English | Dutch
From movie star to police escort
Udaipur (India), October 27th 2007
When we are at the Dussehra festival in Kota (see also the article about the Dussehra festival), we witnessed the fact that India is a country with different faces. Despite the fact that the Indian people celebrate the victory of the good over the bad on this day, the bad isn’t exorcised yet in India.

The first couple of hours at the festival were really great. Foreigners are still a sight over here, resulting in a lot of contact with the local people. People want to shake your hand, have a little chat with you, or just want to be on a picture together. Children are becoming shy when we say hello to them, and the parents have smiles from ear to ear when we exchange some words with them. The attraction we have on local families is also very interesting for the fair operators. We can have free rides in the fairground attractions if we want. Not only to please us of course, but also to make some advertisement for their attractions. If the foreigners take a ride in the attraction, it must me a very cool attraction. We decide to reject the invitations friendly, because we are not sure about the safety of the fairground attractions. Just observing the great time that the local people have at the fair, is enough for us.

The absence of other foreigners gives us the opportunity to get a special treatment. The stewards of the festival give us the permission the follow the festival from the press section. This is great because it gives us a good view on the festivities and on the crowds. When we arrive in the press section, we have to give an interview to the local TV news channel. It is also tradition to throw stones to the huge effigy of Ravana (who represents the bad) that is erected on the podium (see the article about the Dussehra festival for more background information). The local press is very happy if we consent to their question to throw also some stones to Ravana. Every move we make is recorded on tape and film. Thus, we really had a great time at the festival and the people were very nice.

Unfortunately, an incident at the end of the festival puts a slur on this great day. When we try to find our way to the exit through the crowds, young people start pushing the crowds. The crowd waves from the left to the right and back, making it is difficult to keep standing. Regrettably, this is not the only thing that happens. Ivonne is groped everywhere by young men around her. It is disgusting, all those hands on breasts and bottom. Edwin tries to screen her, but that is impossible in the heavy moving crowds. When he sees one of the men touching Ivonne, he grasps the guy and squeezes his neck. That ends the pushing and groping for a minute. But after a minute, everything starts again. Fortunately, the crowd is moving in the direction of a guardian angel in a police suit. Ivonne tells him the story and the police officer decides to guard us to the exit of the festival ground. From the moment on that the young men see the police officer and his baton, the pushing is over. As the sea made way for Moses, the crowds made way for us. There is one guy that grasps Edwin at his arm, but when the police officer sees it, he walks to the guy and slaps him with the baton. After we exited the festival ground we say goodbye to the police officer, of course after we thanked him for the support.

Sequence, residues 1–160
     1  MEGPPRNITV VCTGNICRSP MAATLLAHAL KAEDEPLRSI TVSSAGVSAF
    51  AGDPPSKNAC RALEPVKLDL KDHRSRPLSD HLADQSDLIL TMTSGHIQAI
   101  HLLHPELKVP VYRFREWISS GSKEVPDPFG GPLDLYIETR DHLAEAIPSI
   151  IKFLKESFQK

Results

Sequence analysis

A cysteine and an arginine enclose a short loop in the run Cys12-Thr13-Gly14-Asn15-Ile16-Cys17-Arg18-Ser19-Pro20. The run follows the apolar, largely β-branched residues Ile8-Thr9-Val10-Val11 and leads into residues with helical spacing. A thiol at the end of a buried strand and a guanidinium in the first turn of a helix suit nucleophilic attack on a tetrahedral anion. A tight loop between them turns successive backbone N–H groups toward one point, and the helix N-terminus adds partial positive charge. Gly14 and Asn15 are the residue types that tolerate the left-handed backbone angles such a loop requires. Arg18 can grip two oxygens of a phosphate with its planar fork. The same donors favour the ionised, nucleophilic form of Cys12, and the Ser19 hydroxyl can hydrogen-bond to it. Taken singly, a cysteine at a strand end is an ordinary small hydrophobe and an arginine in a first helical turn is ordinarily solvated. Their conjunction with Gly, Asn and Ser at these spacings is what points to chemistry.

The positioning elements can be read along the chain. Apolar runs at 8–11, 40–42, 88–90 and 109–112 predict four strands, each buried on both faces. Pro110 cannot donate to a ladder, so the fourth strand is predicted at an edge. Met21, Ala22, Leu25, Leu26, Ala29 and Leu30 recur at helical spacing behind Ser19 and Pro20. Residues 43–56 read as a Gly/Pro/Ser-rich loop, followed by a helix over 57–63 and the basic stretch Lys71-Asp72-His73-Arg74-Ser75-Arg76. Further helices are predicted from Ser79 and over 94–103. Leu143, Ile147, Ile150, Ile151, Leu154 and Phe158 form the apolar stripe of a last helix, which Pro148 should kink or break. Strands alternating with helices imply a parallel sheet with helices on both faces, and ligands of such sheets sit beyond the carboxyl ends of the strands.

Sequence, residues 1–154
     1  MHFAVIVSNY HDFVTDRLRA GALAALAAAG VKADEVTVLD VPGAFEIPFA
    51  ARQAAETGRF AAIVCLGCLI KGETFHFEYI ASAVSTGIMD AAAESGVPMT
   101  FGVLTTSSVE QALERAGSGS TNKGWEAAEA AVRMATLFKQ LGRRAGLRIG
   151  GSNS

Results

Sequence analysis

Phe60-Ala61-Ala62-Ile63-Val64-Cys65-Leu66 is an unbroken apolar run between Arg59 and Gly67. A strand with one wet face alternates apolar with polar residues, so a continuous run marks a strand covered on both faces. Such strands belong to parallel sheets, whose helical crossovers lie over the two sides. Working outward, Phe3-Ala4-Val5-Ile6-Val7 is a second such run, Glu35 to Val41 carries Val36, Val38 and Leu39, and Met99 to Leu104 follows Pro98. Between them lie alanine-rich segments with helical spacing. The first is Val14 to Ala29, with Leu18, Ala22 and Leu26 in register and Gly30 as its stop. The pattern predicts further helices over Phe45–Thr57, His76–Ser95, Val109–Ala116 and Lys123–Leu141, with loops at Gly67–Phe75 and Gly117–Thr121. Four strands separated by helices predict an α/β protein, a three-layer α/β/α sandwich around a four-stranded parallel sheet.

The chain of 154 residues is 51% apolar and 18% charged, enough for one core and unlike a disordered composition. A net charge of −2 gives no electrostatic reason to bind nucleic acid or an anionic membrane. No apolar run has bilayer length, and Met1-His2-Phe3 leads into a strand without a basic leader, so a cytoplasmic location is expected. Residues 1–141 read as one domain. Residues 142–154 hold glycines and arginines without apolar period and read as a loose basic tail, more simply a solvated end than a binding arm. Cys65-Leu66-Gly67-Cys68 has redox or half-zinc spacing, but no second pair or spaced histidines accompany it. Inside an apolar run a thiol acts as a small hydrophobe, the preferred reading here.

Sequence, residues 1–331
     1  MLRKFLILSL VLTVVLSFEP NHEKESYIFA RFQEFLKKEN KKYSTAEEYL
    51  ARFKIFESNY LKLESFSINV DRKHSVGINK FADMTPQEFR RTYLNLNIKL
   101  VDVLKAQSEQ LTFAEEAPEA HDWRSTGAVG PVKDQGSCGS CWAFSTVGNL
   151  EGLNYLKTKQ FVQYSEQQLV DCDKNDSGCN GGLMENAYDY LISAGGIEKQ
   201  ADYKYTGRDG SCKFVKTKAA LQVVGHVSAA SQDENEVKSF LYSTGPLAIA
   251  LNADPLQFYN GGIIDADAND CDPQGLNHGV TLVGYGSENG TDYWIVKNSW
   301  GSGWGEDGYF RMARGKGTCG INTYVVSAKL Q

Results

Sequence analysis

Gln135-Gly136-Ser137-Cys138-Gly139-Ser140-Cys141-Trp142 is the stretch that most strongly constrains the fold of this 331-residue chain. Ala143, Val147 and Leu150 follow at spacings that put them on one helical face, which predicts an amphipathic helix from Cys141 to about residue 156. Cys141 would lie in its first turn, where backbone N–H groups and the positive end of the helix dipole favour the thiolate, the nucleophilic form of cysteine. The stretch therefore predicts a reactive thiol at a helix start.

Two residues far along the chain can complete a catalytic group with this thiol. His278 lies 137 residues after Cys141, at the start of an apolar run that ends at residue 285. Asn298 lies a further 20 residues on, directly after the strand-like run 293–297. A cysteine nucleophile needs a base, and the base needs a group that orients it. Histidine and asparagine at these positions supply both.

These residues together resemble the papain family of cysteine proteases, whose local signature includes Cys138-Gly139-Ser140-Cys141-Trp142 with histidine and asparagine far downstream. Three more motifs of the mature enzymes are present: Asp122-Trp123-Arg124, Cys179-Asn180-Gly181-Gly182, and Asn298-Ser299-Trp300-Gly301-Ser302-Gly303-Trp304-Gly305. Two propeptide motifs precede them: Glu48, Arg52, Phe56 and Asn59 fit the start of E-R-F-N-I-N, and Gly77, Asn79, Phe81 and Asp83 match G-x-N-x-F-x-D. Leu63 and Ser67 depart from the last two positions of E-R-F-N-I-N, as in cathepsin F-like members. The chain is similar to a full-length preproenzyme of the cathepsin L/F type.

It is a well known problem that (foreign) women are groped by Indian men at locations where many people gather. Also in metros and bazaars, groping frequently happens. Groping is not only related the Dussehra festival, Kota or Rajasthan. It is an all-Indian phenomenon. In almost all travel books about India, groping is described as a danger/annoyance. Some travel books even advice women to avoid all places where a lot of people come together (like festivals). The festival in Kota is the first event where we experienced groping. It is cynical to see that it happened on the Dusshera festival in Kota, the festival that celebrates the victory of the good over the bad by setting three use effigies (representing the bad) on fire. Unfortunately, three effigies are not enough to exorcise all the bad. Maybe they should burn ten effigies next year in stead of three.

Go back to home pageGo to Articles sectionGo to Columns sectionGo to Photos sectionGo to countries sectionGo to weblog sectionGo to about us